State Attorneys General Fight Imposters Among Us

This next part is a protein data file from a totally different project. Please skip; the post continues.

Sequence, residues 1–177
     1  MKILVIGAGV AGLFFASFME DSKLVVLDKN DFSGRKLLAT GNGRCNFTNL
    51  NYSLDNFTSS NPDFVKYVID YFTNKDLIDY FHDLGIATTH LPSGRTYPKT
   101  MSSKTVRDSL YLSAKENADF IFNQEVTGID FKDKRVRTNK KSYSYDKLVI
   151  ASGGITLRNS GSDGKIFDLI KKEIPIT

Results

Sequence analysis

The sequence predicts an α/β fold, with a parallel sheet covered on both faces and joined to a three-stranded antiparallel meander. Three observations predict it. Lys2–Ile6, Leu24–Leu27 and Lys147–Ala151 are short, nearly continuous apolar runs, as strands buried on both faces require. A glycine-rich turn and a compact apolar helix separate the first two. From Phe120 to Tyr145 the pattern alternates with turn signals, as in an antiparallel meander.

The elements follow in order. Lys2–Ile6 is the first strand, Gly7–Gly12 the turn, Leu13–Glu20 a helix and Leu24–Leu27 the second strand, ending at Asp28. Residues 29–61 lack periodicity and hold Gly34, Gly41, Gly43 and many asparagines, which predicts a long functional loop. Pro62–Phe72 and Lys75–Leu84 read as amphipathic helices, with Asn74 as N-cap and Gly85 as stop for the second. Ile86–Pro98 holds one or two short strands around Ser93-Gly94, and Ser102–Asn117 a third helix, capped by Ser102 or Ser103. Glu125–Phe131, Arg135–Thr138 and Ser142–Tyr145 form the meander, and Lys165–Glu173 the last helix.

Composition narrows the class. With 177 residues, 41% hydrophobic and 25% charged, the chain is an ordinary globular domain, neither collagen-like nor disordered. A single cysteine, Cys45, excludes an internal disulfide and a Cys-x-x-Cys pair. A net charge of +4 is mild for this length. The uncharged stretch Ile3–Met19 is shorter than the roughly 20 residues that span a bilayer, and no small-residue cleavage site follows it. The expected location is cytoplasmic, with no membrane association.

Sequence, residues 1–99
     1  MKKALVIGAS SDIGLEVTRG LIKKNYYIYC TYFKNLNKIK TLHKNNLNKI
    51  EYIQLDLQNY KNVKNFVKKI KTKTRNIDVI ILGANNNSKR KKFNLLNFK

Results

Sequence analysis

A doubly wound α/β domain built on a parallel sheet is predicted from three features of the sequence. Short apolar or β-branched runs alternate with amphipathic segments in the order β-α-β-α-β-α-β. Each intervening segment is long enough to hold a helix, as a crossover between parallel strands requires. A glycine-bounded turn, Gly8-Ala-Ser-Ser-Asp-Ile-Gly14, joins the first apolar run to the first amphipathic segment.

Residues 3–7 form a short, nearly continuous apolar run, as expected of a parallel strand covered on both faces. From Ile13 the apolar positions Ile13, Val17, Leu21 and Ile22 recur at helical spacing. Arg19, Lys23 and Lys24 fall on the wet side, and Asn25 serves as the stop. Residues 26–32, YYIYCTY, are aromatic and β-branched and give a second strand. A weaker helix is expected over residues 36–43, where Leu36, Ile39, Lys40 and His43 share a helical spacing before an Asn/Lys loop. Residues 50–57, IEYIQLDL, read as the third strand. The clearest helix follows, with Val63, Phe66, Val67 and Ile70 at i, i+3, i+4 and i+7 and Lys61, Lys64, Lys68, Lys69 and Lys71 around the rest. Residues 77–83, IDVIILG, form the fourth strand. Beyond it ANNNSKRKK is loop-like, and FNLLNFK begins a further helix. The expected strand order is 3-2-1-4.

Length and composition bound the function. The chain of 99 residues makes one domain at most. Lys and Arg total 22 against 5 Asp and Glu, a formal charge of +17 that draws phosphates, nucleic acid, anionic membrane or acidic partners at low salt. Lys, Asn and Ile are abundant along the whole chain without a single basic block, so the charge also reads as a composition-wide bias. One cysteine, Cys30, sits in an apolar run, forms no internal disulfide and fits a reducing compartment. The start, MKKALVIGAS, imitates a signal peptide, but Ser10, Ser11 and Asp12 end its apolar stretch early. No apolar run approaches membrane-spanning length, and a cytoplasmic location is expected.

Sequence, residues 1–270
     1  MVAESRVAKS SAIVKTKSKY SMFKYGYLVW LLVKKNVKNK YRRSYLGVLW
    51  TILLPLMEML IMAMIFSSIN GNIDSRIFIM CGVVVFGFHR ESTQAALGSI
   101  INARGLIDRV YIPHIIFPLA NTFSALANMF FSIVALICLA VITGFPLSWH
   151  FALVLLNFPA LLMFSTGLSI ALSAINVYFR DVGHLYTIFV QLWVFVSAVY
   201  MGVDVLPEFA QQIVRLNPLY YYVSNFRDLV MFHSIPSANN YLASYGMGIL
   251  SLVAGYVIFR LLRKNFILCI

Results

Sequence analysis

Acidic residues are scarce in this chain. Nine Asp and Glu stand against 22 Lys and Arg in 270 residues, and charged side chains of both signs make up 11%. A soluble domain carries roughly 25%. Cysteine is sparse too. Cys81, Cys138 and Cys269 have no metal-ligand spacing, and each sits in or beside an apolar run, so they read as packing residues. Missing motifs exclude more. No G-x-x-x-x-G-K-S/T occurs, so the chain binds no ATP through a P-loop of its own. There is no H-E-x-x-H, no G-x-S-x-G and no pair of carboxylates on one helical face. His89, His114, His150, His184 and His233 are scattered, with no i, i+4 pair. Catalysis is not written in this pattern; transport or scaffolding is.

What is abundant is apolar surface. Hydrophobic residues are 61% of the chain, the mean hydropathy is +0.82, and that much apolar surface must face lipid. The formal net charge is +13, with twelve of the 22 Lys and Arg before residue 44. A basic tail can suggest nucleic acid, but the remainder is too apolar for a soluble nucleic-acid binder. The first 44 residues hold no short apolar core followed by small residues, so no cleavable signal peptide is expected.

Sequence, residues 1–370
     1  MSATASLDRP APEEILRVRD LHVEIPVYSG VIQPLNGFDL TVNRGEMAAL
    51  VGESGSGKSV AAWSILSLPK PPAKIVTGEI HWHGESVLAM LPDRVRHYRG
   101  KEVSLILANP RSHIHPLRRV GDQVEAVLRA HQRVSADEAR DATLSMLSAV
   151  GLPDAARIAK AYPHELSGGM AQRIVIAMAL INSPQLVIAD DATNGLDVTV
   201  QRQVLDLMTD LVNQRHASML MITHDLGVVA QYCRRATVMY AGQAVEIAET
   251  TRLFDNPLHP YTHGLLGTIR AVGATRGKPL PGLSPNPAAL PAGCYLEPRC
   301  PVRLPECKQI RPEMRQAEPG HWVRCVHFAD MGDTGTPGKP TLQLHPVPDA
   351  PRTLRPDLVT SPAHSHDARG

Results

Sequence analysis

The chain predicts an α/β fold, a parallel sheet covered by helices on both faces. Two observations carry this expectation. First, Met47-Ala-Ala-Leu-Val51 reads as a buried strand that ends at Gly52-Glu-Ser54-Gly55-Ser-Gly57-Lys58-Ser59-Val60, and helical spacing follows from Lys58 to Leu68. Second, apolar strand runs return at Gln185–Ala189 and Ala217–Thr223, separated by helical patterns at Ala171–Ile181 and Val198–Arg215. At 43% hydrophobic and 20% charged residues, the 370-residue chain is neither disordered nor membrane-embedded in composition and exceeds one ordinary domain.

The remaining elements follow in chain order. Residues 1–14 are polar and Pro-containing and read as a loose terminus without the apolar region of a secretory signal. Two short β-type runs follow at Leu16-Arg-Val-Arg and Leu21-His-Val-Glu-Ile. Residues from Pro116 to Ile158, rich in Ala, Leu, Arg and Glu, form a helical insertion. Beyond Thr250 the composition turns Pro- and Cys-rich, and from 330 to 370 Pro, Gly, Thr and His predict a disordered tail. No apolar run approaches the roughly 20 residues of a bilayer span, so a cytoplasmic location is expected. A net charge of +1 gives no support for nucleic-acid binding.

Last week, 49 State Attorneys General joined in a National Association of Attorneys General letter authored by Florida, Iowa, Mississippi, Pennsylvania, and Tennessee responding to the FTC’s Request for Public Comment concerning impersonation scams. While a bipartisan coalition from the State AGs on consumer issues isn’t particularly surprising, the call for additional federal oversight into areas the State AGs already have authority to enforce is certainly interesting. The letter notes that, “Attorneys general are uniquely qualified and well-positioned to provide insights regarding impersonation scams.” Not only do State AGs provide insights regarding these scams, but also they often enforce their laws prohibiting unfair and deceptive practices (UDAP) to stop them. The letter details several recent State AG actions in this area, including settlements with companies allegedly sending deceptive mail solicitations that appeared to come from government agencies, and companies making calls impersonating government agencies and other businesses. Having obtained these resolutions, it is interesting that the State AGs then write that “there is a pressing need for FTC rulemaking to address the scourge of impersonation scams” and that “a national rule that encompasses and outlaws such commonly experienced scams discussed herein would assist attorneys general and their partners in reducing consumer harm….” The AGs also take aim at what they call facilitators of these scams, considering they should sometimes be held accountable and citing recent rulings in states such as California and Massachusetts holding lenders responsible for actions that contributed to fraud. They also note that third parties may sometimes be victim themselves. Indeed, most players in the marketplace are harmed from imposter scams, including consumers, legitimate businesses or government agencies being impersonated, and some third parties whose platforms are being used for illegitimate purposes without their knowledge or in abuse of their policies. The AGs also note that the standard provided in such a rule should act as a floor and clearly state that it is not intended to preempt state laws. This seems like a risky proposition, since having such a rule would likely result in arguments of field preemption. State deceptive trade practices acts are designed to protect against just that – deception. Imposter scams take advantage of the ultimate deception, leading consumers to believe they are speaking with trusted relatives, companies, or agencies. Government imposter scams are one of the most notorious forms, which could include a company making a false claim that they can provide government benefits or insinuating it is a government actor by failing to clearly and conspicuously disclose it is not. Some state UDAP laws even contain specific violations against government imposter scams, such as misrepresenting a government entity in solicitations. So, given that, what can the AGs accomplish with an FTC rulemaking? Perhaps they are looking to further their partnership with the FTC, as we have previously discussed. In the letter’s conclusion, the authors state “Attorneys general hope to continue working with the FTC and other partners to sound the alarm on impersonation scams.” They also add that education and outreach efforts must act as a “complement to strong regulation.” This may present great opportunity not only for the States and FTC to work together, but the legitimate business community which is also often the victim of imposter scams. As our 30 years of combined experience as former government regulators has taught us, the difficulty in combatting imposter fraud isn’t a lack of legal authority to bring actions against wrongdoers, or even a lack of consumer education, but often is the challenge of unraveling who the imposters really are and catching them before they disappear. Once they are found, taking action under the current enforcement regime is certainly possible as the lengthy history of enforcement actions described by the States demonstrate. As the States note, impersonators are increasingly able to use newer technology and platforms to their advantage such as new payment processors, social media, and cryptocurrency. They also note that there are minimal startup costs to become an imposter. Covid-19 has also made people especially vulnerable to falling victim, as people spent more time apart and expected more contact from government agencies. If nothing else, the rulemaking is highlighting this pervasive problem. Working together with the business community that is often victimized as well, States and the FTC have an opportunity to collaborate on the tools they need to combat this pervasive type of fraud.